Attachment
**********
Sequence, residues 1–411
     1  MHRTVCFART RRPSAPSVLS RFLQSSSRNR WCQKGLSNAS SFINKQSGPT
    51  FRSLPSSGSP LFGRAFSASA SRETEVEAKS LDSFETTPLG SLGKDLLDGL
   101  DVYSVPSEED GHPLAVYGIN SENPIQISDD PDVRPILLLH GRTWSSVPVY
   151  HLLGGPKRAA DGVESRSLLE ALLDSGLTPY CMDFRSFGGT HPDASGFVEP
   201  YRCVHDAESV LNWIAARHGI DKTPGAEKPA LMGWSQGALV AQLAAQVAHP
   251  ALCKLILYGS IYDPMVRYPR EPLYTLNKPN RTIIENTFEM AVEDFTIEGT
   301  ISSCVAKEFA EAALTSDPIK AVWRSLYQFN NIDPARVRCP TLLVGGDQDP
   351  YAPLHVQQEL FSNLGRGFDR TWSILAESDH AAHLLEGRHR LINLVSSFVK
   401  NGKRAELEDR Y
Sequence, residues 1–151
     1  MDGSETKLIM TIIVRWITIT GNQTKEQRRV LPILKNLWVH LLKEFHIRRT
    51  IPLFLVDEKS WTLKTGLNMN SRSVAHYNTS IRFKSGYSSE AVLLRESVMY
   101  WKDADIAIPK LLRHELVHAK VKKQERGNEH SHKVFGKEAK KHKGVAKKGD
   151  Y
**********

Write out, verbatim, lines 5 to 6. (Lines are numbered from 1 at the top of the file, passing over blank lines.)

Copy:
   151  HLLGGPKRAA DGVESRSLLE ALLDSGLTPY CMDFRSFGGT HPDASGFVEP
   201  YRCVHDAESV LNWIAARHGI DKTPGAEKPA LMGWSQGALV AQLAAQVAHP